The Association of Reintegration of Crimea also appealed to the IMO and its member states to suspend Russia’s membership in the organization, to stop any cooperation between the IMO and the aggressor, including financial, and it recommend the maritime administrations to not recognize documents. issued by Russian classification societies. Similar appeals were addressed to the world’s leading maritime administrations [12]. On March 16, the Minister of Defense of Ukraine Oleksiy Reznikov addressed the residents of Crimea and Sevastopol whom the occupiers are involving in aggression at sea, including forcibly conscription [13].

On February 27, Turkey approved a decision to apply a wartime regime to the Black Sea straits, the Bosphorus and the Dardanelles. This means, according to the Montreux Convention, which Turkey declares to be a key normative act in this area, that it may prohibit military trade in Black Sea [14].

Also, the current Russian aggression has led to the collapse of the entire OSCE system, formed in the 1970s, and to the destruction of relevant security mechanisms in Europe, particularly at sea. In particular, the OSCE Special Monitoring Mission to Ukraine, which had a mandate and offices in Odesa, Kherson and Mariupol, was suspended on 7 March [15].

These crimes violate the requirements of international humanitarian law, including the Hague and Geneva Conventions, as well as the requirements of the UN Convention on the Law of the Sea and International Law on Saving Human Life at Sea and Preventing Marine Pollution. This led to the response of international structures, in particular, taking into account the appeals of the Ukrainian authorities, human rights and expert structures.

For example, due to Russian aggression, the UN Human Rights Council (HRC) on March 4, 2022 adopted Resolution 49/1 [16]. In this resolution, the UN HRC called for the rapid and controlled withdrawal of Russian troops and Russian-backed armed forces from all over Ukraine within its internationally recognized borders and territorial waters to prevent further human rights abuses and abuses and violations of international humanitarian law. UN HRC stressed the urgent need for an immediate cessation of hostilities against Ukraine [17]. Those demands were totally ignored by Russia.

The International Maritime Organization (IMO) held an extraordinary session of its Council on March 10 and 11 to consider the impact of the situation in the Black and Azov Seas on merchant shipping and seafarers [18]. At this session, the IMO Council adopted resolution C/ES.35, which strongly condemned Russia’s violation of Ukraine’s territorial integrity and sovereignty, which extends to its territorial waters, contrary to the principles of the UN Charter and IMO principles, and poses a serious threat to life and safety of navigation and marine environment. The IMO expressed regret over Russia’s attacks on commercial vessels, their seizures, including search and rescue vessels, which endangered the safety and well-being of seafarers and the marine environment [19].

The IMO Council called on Russia to cease its illegal activities to ensure the safety and well-being of seafarers, as well as the safety of international shipping and the marine environment in all affected areas, and to honor its obligations under relevant international treaties and conventions. The IMO also emphasized the crucial importance of maintaining the safety and well-being of seafarers and called on IMO Member States and observer organizations to provide maximum assistance to seafarers in conflict.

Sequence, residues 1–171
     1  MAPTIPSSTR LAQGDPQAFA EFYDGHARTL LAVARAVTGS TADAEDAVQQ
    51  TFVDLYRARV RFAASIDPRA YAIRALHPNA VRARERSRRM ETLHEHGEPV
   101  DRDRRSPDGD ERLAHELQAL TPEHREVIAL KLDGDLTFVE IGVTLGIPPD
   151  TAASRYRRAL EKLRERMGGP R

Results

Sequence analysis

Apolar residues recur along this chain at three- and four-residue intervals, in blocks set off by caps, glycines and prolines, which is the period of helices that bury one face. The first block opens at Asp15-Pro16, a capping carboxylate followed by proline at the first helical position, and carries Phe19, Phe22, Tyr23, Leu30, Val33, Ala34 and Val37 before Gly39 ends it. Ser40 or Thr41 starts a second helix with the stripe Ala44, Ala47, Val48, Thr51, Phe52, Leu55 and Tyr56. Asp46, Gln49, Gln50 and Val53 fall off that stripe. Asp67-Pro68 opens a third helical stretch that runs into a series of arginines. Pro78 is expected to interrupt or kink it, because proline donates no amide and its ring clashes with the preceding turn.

The IMO Council stressed the need to maintain the security of international shipping and the maritime community, as well as supply chains supported by other countries, including those that provide the population of Ukraine with essential food and medicine. The IMO expressed serious concern about the side effects of hostilities in Ukraine on global shipping, logistics and supply chains, including the impact on the supply of goods and food to developing countries and the impact on energy supply; the organization stressed that ships, seafarers and port workers engaged in legitimate trade should not be side victims of the political and military crisis.

The IMO reminded that Ukraine has the right to exercise without delay all its rights to implement the documents adopted under the IMO, as flag state, port state and coastal state. The IMO also requested its committees to consider ways to strengthen the efforts of own Member States and observer organizations to support affected seafarers and commercial vessels, and to consider the implications of this situation for the implementation of IMO instruments.

The IMO Council agreed to encourage the establishment, as a temporary and urgent measure, of a blue safe maritime corridor to allow the safe evacuation of seafarers and ships from high-risk areas and affected areas in the Black and Azov Seas to a safe place to protect seafarers’ lives and commercialize navigation of vessels intending to use this corridor, avoiding military attacks, as well as protecting and securing the maritime economy.

The IMO Council welcomed the proposal to take a number of steps to reduce the suffering of seafarers and their families, and noted that ships should be allowed to leave Ukrainian ports as soon as possible without the threat of attack. The IMO stated that humanitarian corridors should be established for those ships that could not leave immediately, or where this would be dangerous due to the presence of sea mines or other dangers, to ensure the safety of seafarers, allowing them to leave the conflict zone and return home if necessary; and seafarers affected by the conflict should be given free access to contact with their families.